It Must be in the Water.

Professor Yung at Sex Crimes blog has brought attention to a Tennessee decision which would allow expert testimony about an accused's sleepwalking in a child sexual abuse case.  He ponders that, "I always discuss sleepwalking as an example, but students sometimes
doubt it ever really comes up. I never imagined it would be a defense
in a child molestation case."

See State v. Scott.

I thought these cases might also be of interest.

United States v. Harvey, 66 M.J. 585 (A.F. Ct. Crim. App. 2008).

United States v. Brady, 2006 CCA LEXIS 177, No. 35937, unpublished op. (A.F. Ct. Crim. App. July 20, 2006).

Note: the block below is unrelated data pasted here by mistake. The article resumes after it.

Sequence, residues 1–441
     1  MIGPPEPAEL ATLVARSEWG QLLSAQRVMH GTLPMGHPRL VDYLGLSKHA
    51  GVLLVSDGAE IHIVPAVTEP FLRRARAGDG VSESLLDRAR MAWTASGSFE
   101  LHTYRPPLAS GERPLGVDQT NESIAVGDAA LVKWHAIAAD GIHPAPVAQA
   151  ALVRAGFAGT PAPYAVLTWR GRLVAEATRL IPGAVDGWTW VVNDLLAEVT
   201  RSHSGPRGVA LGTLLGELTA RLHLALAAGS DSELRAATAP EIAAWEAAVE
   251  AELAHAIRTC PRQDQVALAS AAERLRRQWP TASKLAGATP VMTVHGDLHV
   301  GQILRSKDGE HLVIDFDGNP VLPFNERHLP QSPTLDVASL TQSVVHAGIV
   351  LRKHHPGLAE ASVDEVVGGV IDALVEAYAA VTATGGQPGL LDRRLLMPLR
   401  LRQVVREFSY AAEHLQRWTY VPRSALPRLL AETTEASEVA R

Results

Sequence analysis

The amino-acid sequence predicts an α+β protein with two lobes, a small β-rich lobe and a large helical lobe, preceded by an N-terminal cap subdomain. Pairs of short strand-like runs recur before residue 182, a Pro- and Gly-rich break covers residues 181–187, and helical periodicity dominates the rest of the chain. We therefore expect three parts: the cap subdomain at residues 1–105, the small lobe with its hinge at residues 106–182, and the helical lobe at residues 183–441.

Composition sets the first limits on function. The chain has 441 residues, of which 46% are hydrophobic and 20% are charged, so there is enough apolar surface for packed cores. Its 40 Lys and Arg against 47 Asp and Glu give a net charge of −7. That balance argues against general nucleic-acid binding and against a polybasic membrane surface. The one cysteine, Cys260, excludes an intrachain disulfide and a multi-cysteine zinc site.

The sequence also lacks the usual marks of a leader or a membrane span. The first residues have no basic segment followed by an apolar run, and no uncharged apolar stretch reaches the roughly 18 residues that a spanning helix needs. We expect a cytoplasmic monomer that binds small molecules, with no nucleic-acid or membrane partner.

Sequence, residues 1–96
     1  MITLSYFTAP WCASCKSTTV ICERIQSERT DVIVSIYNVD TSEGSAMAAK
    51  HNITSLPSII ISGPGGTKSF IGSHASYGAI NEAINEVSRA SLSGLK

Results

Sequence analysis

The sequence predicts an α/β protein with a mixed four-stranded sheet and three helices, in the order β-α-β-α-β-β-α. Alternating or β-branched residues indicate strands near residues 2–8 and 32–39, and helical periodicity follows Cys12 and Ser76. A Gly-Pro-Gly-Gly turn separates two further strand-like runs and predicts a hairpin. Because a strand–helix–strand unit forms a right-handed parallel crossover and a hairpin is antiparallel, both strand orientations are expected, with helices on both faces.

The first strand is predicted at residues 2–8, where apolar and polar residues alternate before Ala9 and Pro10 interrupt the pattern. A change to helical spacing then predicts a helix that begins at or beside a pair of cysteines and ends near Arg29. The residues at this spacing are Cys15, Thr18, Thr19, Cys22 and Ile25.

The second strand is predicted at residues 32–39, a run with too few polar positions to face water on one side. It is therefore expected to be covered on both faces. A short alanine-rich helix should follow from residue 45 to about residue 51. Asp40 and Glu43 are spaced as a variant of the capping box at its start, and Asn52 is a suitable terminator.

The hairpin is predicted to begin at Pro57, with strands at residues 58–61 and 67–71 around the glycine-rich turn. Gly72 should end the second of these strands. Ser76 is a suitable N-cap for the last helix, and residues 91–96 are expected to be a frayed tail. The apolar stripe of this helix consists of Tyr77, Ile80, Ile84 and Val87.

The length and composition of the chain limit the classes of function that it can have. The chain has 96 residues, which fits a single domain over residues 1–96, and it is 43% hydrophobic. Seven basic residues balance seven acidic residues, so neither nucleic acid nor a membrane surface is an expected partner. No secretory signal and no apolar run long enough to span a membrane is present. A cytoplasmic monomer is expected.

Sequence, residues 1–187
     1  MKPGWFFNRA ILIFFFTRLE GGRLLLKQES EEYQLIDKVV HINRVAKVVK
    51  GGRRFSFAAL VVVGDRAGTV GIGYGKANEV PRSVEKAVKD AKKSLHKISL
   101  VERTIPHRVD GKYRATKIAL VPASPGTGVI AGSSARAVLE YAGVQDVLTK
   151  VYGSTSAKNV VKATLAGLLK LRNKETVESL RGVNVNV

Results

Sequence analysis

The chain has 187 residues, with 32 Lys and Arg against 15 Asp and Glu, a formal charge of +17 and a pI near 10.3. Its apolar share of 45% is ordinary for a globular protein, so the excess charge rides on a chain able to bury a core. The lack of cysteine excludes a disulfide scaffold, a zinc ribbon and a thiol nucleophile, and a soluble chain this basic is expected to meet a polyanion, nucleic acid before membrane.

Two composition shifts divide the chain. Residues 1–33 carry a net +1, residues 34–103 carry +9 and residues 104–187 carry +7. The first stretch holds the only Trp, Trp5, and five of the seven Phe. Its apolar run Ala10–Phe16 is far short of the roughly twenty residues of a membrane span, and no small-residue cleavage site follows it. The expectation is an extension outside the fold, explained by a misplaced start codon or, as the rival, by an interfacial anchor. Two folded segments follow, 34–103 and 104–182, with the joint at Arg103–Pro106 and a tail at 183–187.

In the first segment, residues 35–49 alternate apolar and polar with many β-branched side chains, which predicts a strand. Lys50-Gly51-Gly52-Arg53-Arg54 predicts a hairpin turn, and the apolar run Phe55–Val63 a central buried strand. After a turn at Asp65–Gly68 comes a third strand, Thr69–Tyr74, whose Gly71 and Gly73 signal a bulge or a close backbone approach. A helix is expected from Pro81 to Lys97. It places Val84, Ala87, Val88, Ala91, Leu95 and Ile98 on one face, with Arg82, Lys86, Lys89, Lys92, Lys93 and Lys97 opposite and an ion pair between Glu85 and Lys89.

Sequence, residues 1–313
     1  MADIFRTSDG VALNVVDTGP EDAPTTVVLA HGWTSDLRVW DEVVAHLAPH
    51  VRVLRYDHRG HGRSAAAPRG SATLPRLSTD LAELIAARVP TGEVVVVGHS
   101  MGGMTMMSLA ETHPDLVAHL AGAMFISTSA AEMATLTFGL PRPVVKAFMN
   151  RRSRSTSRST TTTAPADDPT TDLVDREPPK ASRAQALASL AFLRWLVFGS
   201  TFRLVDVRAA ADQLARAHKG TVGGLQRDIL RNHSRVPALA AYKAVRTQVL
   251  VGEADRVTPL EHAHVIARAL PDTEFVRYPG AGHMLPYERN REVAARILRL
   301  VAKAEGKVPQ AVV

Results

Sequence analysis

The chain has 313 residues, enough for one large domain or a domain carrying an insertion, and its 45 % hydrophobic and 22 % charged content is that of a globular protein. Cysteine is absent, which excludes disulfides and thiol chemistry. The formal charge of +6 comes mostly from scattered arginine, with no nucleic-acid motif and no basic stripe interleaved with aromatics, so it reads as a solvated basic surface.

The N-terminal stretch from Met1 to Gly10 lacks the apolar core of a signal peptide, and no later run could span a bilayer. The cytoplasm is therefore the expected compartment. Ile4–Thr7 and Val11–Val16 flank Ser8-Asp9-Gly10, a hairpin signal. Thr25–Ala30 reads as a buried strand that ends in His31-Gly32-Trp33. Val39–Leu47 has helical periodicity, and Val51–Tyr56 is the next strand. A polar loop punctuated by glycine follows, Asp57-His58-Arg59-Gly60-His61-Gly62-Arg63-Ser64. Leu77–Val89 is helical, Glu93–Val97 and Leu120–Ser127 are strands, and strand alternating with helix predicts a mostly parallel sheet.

Sorry, the next two opinions are not available on the Internets.  You need a LEXIS or Westlaw or similar account to get them.

United States v. Blaney, 50 M.J. 533 (A.F. Ct. Crim. App. 1999).

United States v. Foster, 1993 CMR LEXIS 122, No. 29283, unpublished op. (A.F.C.M.R. 1993) .  [note military courts changed titles in 1994]

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